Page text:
By University of Malta, Department of Classics & Archaeology
University of Malta, Department of Classics & Archaeology
In 2007, while conducting a systematic sonar survey off Xlendi, in Gozo (Malta), an anomaly was detected on the seabed.
Xlendi Cliffs (2019) by University of MaltaUniversity of Malta, Department of Classics & Archaeology
Located approximately 900 meters off the south-west cliff-lined coast of Gozo, the shipwreck lies not far from Xlendi bay, which may had been the departure port of the ship's final trip...
Early exploration at Xlendi
In the late 1950s and early 1960s, groups of rsearchers travelled to Gozo from the UK. Over a number of years, these groups mapped part of the seabed under the Xlendi tower.
First dives by J. Ripard SeniorUniversity of Malta, Department of Classics & Archaeology
A unique photograph from the early 1960s showing divers recovering amphoras from Xlendi Bay.
Early object recovery by S. SciclunaUniversity of Malta, Department of Classics & Archaeology
They raised a number of objects were recovered - some of these are on display at the Gozo Museum of Archaeology. A diver showing off a small table amphora that he has raised from Xlendi in the 1960s.
Surveyed area by University of Malta/Aurora TrustUniversity of Malta, Department of Classics & Archaeology
The 2007 side scan sonar survey was aimed at delineating the site formerly explored in the early 1960s. A decision was taken to extend the survey to include the entire outer Xlendi Bay.
Discovery (2007) by University of Malta / Aurora TrusthUniversity of Malta, Department of Classics & Archaeology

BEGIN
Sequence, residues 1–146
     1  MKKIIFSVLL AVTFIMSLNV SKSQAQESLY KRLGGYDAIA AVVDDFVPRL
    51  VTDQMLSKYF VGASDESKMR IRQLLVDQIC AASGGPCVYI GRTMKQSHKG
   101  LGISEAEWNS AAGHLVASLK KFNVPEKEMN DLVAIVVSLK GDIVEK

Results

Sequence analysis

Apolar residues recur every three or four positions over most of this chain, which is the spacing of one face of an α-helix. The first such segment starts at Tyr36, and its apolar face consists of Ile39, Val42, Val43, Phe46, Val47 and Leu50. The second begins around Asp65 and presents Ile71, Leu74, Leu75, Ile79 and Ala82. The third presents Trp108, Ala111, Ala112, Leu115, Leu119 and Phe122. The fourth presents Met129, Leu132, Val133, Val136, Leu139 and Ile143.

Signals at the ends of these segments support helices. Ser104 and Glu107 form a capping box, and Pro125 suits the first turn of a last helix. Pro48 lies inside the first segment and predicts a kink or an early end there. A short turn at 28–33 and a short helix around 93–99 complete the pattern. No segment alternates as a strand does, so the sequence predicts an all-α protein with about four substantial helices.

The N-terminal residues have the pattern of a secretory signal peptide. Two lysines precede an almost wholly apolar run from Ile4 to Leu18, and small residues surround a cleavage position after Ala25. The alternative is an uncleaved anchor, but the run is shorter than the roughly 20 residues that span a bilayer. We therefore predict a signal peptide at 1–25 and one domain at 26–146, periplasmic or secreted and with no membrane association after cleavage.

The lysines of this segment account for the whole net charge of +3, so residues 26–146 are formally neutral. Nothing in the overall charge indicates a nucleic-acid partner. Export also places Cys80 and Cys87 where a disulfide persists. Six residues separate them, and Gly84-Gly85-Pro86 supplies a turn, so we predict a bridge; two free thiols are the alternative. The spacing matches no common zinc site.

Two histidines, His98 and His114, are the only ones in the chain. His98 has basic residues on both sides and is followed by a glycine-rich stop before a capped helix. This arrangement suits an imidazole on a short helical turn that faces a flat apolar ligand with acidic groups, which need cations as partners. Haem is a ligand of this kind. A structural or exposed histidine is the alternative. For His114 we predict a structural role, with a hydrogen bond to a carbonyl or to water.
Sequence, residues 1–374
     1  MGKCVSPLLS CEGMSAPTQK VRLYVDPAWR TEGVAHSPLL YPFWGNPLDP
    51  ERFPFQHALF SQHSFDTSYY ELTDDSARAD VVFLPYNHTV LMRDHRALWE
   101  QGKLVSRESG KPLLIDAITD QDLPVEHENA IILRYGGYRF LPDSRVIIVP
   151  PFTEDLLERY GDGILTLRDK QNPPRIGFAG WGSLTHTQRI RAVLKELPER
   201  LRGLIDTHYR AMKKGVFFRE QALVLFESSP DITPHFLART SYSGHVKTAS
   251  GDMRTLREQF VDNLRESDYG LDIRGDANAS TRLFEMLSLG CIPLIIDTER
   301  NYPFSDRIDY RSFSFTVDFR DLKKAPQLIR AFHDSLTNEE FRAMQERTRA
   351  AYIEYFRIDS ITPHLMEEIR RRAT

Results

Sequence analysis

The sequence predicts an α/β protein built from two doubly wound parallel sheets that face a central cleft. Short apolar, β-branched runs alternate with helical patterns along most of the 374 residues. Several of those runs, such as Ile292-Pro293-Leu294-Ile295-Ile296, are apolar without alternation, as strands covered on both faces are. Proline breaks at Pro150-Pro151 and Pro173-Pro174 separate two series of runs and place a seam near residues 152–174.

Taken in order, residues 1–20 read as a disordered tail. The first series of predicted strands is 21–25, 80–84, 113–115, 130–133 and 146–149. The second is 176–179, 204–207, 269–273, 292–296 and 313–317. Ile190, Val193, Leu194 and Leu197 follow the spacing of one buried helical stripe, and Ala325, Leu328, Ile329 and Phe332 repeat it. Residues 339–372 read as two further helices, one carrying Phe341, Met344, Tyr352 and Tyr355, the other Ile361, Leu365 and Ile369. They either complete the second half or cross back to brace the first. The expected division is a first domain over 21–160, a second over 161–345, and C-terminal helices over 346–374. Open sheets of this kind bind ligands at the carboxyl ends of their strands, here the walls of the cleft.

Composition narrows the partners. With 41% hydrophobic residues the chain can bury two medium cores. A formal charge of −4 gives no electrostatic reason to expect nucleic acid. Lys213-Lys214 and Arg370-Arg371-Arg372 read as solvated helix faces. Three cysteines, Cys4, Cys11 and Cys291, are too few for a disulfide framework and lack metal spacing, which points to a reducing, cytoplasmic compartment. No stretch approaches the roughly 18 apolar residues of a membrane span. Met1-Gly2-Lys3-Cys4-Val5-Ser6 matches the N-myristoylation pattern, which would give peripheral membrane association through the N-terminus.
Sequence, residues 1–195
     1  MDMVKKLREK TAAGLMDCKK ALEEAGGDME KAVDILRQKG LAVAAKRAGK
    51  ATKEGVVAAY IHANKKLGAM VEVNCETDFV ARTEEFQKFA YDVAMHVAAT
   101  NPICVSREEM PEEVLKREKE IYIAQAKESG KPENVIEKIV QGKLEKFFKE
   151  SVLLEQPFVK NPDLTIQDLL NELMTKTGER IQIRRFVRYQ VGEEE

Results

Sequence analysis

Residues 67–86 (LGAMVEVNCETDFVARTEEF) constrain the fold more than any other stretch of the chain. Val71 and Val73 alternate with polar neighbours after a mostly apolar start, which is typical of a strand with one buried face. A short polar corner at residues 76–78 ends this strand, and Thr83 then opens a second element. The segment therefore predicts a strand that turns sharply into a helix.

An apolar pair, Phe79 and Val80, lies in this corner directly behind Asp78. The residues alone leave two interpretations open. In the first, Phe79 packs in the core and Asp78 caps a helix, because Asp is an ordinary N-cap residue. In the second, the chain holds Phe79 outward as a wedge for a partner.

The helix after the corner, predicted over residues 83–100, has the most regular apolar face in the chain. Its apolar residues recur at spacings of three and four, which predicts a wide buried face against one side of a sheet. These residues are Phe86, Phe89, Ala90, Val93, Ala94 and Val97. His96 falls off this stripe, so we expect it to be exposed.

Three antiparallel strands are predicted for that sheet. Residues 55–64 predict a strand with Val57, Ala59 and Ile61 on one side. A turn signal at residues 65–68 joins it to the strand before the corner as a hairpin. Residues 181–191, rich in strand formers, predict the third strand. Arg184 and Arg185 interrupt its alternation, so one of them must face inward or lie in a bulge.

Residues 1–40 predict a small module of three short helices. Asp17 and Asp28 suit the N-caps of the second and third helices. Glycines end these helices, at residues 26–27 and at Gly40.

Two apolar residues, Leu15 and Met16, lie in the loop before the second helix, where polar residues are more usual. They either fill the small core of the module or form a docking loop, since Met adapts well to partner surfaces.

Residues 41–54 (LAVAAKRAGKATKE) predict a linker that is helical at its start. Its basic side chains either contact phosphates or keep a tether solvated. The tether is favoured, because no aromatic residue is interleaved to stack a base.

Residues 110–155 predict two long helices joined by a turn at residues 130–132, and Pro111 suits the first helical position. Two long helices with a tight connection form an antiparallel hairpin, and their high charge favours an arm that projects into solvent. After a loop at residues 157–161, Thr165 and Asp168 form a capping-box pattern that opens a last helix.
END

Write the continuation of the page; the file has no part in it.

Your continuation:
As the sonar passed over the area a target was observed - its shape and form completely distinct from the featureless seabed around it.
This image shows the sonar target which turned out to be the remains of a well preserved ancient shipwreck, laying exposed on the seabed at more than 100 meters of depth.
Looking under the sediments (2008) by University of Malta / Aurora TrustUniversity of Malta, Department of Classics & Archaeology
A sub bottom profiler was used to explore whether more of the cargo was buried within the sediments. Results show that in some areas there is approximately 1.8m of archaeology buried under the seabed.
In 2009 the research team deployed a small remote operated vehicle to explore the site. The first images relayed back to the surface confirmed that the site was an ancient shipwreck of importance.
First images of the Wreck
Images relayed to the surface via the vehicle's cable revealed a a cargo that was mostly undisturbed for 2700 years.
The yellow submarine
In 2014, a manned-submersible was brought to Gozo for the second phase of the project.
Manned Submersible exploring the site (2014) by University of MaltaUniversity of Malta, Department of Classics & Archaeology
For the first time since its discovery, scientists were able to visit the site and observe it close up. Three cameras shot thousands of photos used to create a high resolution mosaic of the site.
Ortophoto 2014 (2014)University of Malta, Department of Classics & Archaeology
The 2014 survey revealed a mixed cargo of ceramics and grinding stones that were identifiable as Phoenician and datable to 700 BC.
Manual diagram of the site (2017) by University of MaltaUniversity of Malta, Department of Classics & Archaeology
A sketch based on the 2014 survey produced by an archaeological illustrator. This traditional view of the wreck provides another level of recording necessary for the archaeological record of the site.
Colonized amphora by University of Malta_GROPLAN ProjectUniversity of Malta, Department of Classics & Archaeology
A rockfish makes itself at home in the broken remains of a western Phoenician amphora.
Photography, 3D models & documentation: COMEX, P. Drap, D. Gration, K. Hyttinen, G. M. Iaria & J. Wood.
Special thanks to everyone who participated in this project and made it possible.
Project support provided by:
- Heritage Malta
- Malta Tourism Authority
- Malta International Airport
- Ministry for Gozo
- Honor Frost Foundation
For further information please visit http://www.lsis.org/groplan/article/art_Xlendi.html